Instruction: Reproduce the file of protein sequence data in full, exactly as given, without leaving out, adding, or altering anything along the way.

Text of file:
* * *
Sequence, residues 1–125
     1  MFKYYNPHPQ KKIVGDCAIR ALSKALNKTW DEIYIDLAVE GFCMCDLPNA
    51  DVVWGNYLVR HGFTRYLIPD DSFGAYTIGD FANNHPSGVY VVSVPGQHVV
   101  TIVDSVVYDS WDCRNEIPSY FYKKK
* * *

Sequence, residues 1–125
     1  MFKYYNPHPQ KKIVGDCAIR ALSKALNKTW DEIYIDLAVE GFCMCDLPNA
    51  DVVWGNYLVR HGFTRYLIPD DSFGAYTIGD FANNHPSGVY VVSVPGQHVV
   101  TIVDSVVYDS WDCRNEIPSY FYKKK